Another system which has long seemed to me to deserve special attention in this connexion is the reproductive system; its functions are so simple, its needs for change so infrequent, and yet the changes that have been produced in it are obviously so profound. The reproductive system has not by any means been passed over as a guide in classification. The botanist places reliance on it; to the zoologist who deals with parasites it may furnish the most valuable guide, since even if most of the other systems of the body become reduced to mere rudiments, the reproductive system must persist in full functional development. Even in the mammalia the characters of the uterus and of the placenta are commonly used to make fundamental distinctions of the greatest importance. “ So far back as the year 1816 M. de Blainville pointed out that the mammalia might be divided into three primary groups, according to the character of their reproductive organs, especially the reproductive organs of the female.” It is from this work of M. de Blainville that we have inherited the divisions of ornithodelphia, didelphia, and monodelphia.

Classification by placental characters does not so directly concern us here, but Huxley has recorded his opinion of the taxonomic value of this structure in the most emphatic terms: “ It appears to me that the features of the placenta afford by far the best characters which have yet been proposed for classifying the monodelphous mammalia.” The study of these portions of the reproductive system has therefore already yielded important results for the systematist, but I do not think that the taxonomic value of the system is exhausted by the study of these two characters. In most instances it is practically certain that a complete study of the foetal and adult genitalia of any debated candidate for classification would clear up all doubts as to its real systematic position.

A detailed study of the development and the adult condition of the genitalia of the whole mammalian series is obviously a stupendous task and one that is limited at every turn by the lack of suitable material. It has therefore been my aim to examine a series of types of which suflcient material could be got together, and to attempt to determine any principle which underlay the modifications that were met with. Put quite briefly, it has been forced upon me that two very different tendencies are seen in the modifications of this system: (1) the marked conservatism of the type upon which the genital system is formed; and (2) the complete transformations of which it is capable in functional emergencies. These tendencies, which at first sight seem to be opposed, need some explanation; and it is necessary to follow, briefly, the modifications of the genital system up to the point at which we commence its detailed study in the mammalia.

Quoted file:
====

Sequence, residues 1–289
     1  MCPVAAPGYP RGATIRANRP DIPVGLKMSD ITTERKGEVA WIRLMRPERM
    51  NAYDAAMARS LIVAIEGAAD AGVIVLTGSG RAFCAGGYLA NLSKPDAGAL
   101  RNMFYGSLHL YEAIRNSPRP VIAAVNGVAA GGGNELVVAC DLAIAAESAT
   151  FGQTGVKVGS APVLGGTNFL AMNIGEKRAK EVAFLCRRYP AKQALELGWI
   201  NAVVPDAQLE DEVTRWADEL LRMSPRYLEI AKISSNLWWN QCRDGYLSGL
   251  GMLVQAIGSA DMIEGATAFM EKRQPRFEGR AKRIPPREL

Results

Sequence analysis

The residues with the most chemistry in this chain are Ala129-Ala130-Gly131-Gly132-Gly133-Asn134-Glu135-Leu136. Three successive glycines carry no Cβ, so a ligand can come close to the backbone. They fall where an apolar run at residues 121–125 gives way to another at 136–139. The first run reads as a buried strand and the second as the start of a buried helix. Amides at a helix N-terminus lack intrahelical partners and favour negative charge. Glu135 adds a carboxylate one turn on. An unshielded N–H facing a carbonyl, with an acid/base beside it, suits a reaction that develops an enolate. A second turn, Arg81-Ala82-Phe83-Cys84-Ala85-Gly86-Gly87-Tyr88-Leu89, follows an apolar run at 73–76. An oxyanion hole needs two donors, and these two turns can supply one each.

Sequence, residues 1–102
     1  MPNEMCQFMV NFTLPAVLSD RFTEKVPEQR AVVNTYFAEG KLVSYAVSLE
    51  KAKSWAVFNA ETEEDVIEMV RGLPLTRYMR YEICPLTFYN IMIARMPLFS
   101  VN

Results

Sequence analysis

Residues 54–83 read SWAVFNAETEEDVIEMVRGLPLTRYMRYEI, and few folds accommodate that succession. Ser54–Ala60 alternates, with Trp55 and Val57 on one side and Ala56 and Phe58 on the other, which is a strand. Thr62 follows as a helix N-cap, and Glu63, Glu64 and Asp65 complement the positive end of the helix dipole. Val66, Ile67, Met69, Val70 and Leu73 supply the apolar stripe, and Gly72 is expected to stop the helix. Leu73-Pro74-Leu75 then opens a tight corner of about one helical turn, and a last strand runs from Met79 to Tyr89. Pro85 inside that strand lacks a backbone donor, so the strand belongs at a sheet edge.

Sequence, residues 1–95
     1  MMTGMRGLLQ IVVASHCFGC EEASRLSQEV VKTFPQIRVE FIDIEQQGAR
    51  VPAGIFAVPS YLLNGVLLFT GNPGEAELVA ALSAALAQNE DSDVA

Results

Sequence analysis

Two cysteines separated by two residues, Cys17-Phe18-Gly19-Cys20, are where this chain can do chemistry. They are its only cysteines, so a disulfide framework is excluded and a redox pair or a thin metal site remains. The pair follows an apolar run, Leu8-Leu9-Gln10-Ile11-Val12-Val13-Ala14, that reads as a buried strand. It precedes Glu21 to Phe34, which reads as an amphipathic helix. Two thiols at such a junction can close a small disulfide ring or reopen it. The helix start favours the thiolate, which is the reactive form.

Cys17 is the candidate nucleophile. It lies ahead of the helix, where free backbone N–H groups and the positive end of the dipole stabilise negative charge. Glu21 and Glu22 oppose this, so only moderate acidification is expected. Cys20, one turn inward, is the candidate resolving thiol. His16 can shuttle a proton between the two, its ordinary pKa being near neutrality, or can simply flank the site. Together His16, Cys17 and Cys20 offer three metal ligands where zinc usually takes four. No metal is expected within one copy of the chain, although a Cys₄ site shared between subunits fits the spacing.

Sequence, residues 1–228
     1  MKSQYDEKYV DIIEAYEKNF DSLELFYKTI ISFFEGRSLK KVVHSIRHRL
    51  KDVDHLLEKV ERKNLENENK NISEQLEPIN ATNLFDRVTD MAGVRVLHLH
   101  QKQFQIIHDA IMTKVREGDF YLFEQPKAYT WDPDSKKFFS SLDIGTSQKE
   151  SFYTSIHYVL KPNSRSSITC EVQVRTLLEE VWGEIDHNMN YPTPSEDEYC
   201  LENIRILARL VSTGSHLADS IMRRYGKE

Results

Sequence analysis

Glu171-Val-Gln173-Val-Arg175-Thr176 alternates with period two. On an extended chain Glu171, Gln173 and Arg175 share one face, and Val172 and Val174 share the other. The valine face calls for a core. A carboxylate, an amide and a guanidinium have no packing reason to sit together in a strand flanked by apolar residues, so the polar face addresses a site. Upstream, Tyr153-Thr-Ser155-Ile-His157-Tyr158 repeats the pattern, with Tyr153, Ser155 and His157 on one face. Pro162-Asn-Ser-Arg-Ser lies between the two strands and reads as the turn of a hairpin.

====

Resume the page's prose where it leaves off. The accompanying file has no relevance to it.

We may take as a simple type of vertebrate genitalia, a system which consists, in both sexes, of bilateral genital glands, which may or may not shed their products into the ocelom, but which ultimately pass these products to the cloaca, and so to the exterior, by ducts which are primarily bilateral. Such a system is found, with only minor modifications, throughout the fishes and amphibians; and, functionally, we may say that such a system is found where the ovum is extruded as a more or less gelatinous mass either into water or into some damp place. It is the simplicity of the female genital products, extruded under such circumstances, that has served to retain the simplicity of the genital system. As long as a soft gelatinous ovum is extruded into water so long may the spermatozoon penetrate its envelope and effect fertilisation after extrusion. External fertilisation, therefore, merely requires a system of genital glands and excretory genital ducts by which the genital products may escape to the exterior, and meeting in the surrounding medium insure fertilisation. But such a genital system will only suffice for aquatic animals, or animals which are aquatic or semi-aquatic during their breeding season; for an egg, so delicate that a spermatozoon may penetrate it, is far too perishable an object to be extruded in ordinary circumstances into the Open air.